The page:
There is a crack in everything. That’s how the light gets in. – Leonard Cohen, Anthem
I missed posting last week—my life was on hold. Other than going to my job, I didn’t do much except fixate on one thing: the temperature. I felt like I’d been teleported to Arizona and I waited impatiently for things to go back to normal. I compulsively checked both the weather app on my phone and the National Weather Service site for the hourly and long-range forecasts. Most homes here don’t have AC—it’s been considered unnecessary in a place that might have 1-2 hot weeks a year (and rarely back-to-back). Per the Seattle Times on July 8th, we are about to tie our record of 15 consecutive days over 80F (27C). Most days have reached at or above 30C.
My goal has become to think like an engineer. To supplement the two tower fans I already had, I bought two inexpensive box fans and have been trying different configurations of window placement and timing to get the hot air out and the cool air in. For a couple hours each day, my condo reaches a high just 1-2 degrees C below the outdoor temperature. Last week, I sat around in my underwear a lot looking at Netflix and Facebook and apologizing to the cats for the heat and the fans. I get up at 5AM daily to open the patio doors to maximize the lowest indoor temperature before closing all the windows and blinds at 7AM when it starts getting hot again.
I’m trying to save $, so I looked to the Mr Money Moustache blog for tips on fan and AC use and got a reminder that the best thing for me would be heat (re)acclimation. I realized I’d been in denial: based on forecasts, this was likely going to be the “new” normal for the rest of summer and I needed to suck it up.
How easy it was for me to get stuck by the weather—something I have absolutely no control over. I was so attached to my storyline of the PNW having a moderate climate that I was not facing reality. If I’m not in the direct sunlight for long and I’m drinking water, the temperature is not a risk to me*—this was all about my emotional reaction to the physical discomfort and to the inconvenience of not using my heat-producing appliances when I wanted to.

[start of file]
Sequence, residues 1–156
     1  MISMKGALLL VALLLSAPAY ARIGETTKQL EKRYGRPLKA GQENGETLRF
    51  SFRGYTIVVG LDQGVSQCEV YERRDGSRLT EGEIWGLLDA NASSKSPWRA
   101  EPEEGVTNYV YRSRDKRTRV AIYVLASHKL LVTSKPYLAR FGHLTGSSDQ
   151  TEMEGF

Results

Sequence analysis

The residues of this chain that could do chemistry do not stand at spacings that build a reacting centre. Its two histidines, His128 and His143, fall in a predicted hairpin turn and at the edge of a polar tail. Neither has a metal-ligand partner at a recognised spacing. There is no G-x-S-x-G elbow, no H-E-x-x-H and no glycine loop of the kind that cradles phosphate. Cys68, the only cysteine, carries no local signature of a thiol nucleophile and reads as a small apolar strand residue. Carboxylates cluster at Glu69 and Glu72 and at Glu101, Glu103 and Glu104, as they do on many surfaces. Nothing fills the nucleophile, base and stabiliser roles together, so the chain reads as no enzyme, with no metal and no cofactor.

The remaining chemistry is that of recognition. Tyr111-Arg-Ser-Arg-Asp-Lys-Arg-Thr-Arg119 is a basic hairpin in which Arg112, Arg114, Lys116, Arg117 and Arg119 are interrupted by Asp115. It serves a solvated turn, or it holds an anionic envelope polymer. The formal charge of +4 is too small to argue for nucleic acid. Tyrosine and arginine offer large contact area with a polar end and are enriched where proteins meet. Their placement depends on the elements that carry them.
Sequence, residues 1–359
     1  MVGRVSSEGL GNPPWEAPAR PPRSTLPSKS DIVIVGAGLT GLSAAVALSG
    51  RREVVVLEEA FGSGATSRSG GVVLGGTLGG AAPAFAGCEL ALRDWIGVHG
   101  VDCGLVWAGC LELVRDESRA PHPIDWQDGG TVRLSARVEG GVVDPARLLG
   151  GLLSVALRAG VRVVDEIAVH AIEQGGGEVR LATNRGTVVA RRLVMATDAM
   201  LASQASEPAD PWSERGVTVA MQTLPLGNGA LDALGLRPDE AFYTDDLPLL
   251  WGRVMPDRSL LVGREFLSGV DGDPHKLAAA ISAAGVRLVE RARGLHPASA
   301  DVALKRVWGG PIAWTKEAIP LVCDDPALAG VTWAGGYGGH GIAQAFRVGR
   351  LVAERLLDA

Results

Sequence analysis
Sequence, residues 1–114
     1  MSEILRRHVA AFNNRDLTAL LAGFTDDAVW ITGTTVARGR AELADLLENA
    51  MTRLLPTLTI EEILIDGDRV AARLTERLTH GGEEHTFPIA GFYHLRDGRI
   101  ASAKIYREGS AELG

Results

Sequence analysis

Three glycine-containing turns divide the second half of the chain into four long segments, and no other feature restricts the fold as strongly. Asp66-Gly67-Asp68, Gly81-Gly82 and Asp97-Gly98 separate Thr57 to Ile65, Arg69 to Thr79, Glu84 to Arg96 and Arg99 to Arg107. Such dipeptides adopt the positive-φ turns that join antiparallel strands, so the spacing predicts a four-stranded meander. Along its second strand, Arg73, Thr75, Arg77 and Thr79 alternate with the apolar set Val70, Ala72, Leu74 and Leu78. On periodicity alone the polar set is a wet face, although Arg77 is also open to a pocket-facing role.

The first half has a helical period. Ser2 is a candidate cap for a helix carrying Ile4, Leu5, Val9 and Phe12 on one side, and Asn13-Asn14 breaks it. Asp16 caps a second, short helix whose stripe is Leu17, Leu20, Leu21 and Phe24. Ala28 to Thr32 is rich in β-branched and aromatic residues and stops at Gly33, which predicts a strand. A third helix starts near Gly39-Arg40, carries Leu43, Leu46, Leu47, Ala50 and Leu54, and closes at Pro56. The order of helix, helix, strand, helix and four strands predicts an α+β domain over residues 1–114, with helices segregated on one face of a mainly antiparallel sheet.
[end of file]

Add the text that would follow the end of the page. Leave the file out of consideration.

And there have been pluses: I sit outside at night on my little deck now and I’m eating more fruit and vegetables. It’s also been an opportunity for compassion and gratitude. I contemplate the heatwave in Pakistan where it reached 45C last month. I’m thankful for having the options of going to the office, a movie theater, a mall, or the library for some AC relief.
I know that after another week without AC and with daily walks earlier and earlier in the evenings, my body would have naturally started to acclimate anyway. It’s just going to be easier now that I’m not wasting energy fighting it. That doesn’t mean I’m not looking forward to autumn.
*It may be a risk to others, depending on age and health.
- Leonard Cohen’s Anthem (SOURCE: youtube).
- National Weather Service
- AC: air conditioner
- Why is the Northwest so Warm? (SOURCE: Cliff Mass weather blog)
- Seattle poised to tie record for string of 80-degree temps (SOURCE: Seattle Times)
- The World’s Most Efficient Air Conditioner (SOURCE: Mr. Money Moustache)
- PNW: Pacific Northwest